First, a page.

The Jolt: Trump’s legal problems could soon grow

The House committee investigating the Jan. 6, 2021, riot at the Capitol will meet today to discuss whether to urge prosecutors to seek charges against former President Donald Trump.

Politico reported last week that the U.S. House committee is set to press the Justice Department to pursue at least three criminal charges against Trump, and MSNBC confirmed the plans were finalized during a Sunday meeting.

The developments will be closely watched by authorities in downtown Atlanta, where the monthslong Fulton County special grand jury probe of Trump’s efforts to overturn his defeat in Georgia is believed to be nearing the final stages.

Meanwhile, the Justice Department is continuing its investigation of Trump’s handling of presidential records and classified material. And a House Committee could soon release six years of Trump’s tax returns that legislators obtained after a lengthy legal battle.

The ongoing investigations come at a dicey time for Trump as he struggles to gain traction for his comeback bid. Still, his allies in the U.S. House are providing him with some cover.

Axios writes that a group of House Republicans are drafting a rebuttal that will be timed to compete with the select committee’s report this week.

The committee meeting begins at 1 p.m. The final report, which could clock in at over 1,000 pages, is expected to be published as soon as Wednesday.


WARNOCK BIDEN. With his runoff victory behind him, U.S. Sen. Raphael Warnock gave a clearer endorsement of President Joe Biden than he did during the campaign against Republican Herschel Walker.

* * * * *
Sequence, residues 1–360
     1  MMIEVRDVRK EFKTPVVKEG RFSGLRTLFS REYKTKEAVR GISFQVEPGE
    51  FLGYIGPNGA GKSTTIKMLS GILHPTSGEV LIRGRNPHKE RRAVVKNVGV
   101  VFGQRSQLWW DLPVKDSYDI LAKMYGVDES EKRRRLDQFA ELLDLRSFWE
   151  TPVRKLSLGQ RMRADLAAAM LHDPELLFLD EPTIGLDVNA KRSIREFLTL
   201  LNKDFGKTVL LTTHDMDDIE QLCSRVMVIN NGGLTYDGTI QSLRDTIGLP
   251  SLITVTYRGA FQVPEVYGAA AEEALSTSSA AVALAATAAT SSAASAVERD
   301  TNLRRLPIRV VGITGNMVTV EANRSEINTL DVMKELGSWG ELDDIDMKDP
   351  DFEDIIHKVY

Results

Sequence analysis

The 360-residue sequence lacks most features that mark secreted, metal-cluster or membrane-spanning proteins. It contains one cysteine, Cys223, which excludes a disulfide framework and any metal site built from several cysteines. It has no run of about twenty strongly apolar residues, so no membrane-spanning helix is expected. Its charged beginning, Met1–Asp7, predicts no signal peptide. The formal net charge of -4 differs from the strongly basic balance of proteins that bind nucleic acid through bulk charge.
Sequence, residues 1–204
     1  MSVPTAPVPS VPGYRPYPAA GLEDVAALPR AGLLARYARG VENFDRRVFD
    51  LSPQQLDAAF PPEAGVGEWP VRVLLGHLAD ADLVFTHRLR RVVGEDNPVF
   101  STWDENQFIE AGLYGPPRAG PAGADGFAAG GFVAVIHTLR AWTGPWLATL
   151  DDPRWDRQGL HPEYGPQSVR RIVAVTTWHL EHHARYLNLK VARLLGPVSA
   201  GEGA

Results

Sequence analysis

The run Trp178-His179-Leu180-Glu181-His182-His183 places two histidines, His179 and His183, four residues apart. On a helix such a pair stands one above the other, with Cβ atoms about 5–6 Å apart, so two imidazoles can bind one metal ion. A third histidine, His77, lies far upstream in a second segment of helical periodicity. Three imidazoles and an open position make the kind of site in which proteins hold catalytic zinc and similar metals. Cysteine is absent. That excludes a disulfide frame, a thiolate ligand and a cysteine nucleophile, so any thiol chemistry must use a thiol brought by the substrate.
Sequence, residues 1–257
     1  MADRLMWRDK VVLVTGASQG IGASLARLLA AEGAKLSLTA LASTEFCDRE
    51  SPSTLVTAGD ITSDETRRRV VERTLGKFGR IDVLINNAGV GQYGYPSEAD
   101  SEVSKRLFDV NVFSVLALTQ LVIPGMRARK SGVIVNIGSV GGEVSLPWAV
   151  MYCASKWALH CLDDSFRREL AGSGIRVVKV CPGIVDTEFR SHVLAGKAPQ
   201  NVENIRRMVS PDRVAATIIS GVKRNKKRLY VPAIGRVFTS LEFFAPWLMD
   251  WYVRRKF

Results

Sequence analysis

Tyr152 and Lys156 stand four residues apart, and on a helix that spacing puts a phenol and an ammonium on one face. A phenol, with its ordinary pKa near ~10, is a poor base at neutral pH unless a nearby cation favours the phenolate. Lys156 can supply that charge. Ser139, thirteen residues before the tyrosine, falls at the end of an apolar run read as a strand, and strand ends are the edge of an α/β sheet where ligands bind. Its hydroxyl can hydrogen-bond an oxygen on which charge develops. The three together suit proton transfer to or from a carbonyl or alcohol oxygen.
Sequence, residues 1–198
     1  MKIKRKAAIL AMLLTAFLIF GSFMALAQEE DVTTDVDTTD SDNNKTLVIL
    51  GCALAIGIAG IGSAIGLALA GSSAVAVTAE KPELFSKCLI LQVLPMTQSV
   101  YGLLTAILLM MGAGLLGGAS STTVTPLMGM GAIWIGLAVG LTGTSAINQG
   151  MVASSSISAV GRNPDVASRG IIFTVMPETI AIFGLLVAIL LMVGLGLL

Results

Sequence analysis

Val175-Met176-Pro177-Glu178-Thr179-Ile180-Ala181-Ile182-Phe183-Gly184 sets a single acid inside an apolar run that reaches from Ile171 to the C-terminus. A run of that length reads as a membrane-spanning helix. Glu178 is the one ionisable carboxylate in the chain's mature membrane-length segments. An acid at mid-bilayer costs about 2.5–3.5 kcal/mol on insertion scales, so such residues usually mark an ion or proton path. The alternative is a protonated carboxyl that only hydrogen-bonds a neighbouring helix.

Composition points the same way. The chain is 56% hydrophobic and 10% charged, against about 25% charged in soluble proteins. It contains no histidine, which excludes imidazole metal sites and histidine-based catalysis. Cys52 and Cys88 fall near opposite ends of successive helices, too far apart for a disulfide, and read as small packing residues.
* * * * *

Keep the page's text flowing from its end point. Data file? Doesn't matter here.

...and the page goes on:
He told CBS Mornings on Monday that he would support Biden if he runs for another term in 2024, but stopped short of saying whether he thinks the president should run again. During the campaign, he avoided such questions to avoid tying himself too closely to Biden, saying they were “pundit” talk.

Warnock also responded to whispers that after his runoff victory over Walker that he now becomes one-to-watch in the 2024 race for president. He said that another campaign is not on his mind after winning a six-year term after being on the ballot five times in less than two years.

“I’m finally focused on being able to do the work that people of Georgia have elected me to do,” he said. “In addition to that, I’ve got two children at home, 6 and 4. I promised them a trip to Disney World.”


Former Democratic gubernatorial candidate Stacey Abrams (left) and her campaign manager Lauren Groh-Wargo. (AJC file photo)

Credit: TNS

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Credit: TNS

ABRAMS CASH. Stacey Abrams raised more than $103 million for her failed rematch against Gov. Brian Kemp, a record sum in a race for Georgia governor. So why is she having trouble paying back her vendors?

Lauren Groh-Wargo, the Democrat’s campaign manager, told Axios that a “cavalcade of negative press” made fundraising difficult in the final months. The campaign now owes more than $1 million to vendors and is trying to sell its donor lists and voter contact spreadsheets to pay down the debt.

The campaign’s financial troubles in the last stretch of the race astounded other Democrats. Abrams cut TV ad spending to less than $1 million in the final two weeks of the race, slashing the campaign’s spending by more than a half at a critical time.

By contrast, Kemp spent almost $3 million on TV ads in the final week. U.S. Sen. Raphael Warnock had reserved almost $3.5 million worth of ads for the last seven days of the race.

(At the time Groh-Wargo said the cutback was to shift spending toward digital outreach, but she later acknowledged that was bunk. She also said in a 52-part Twitter thread that the race was “virtually impossible” to win.)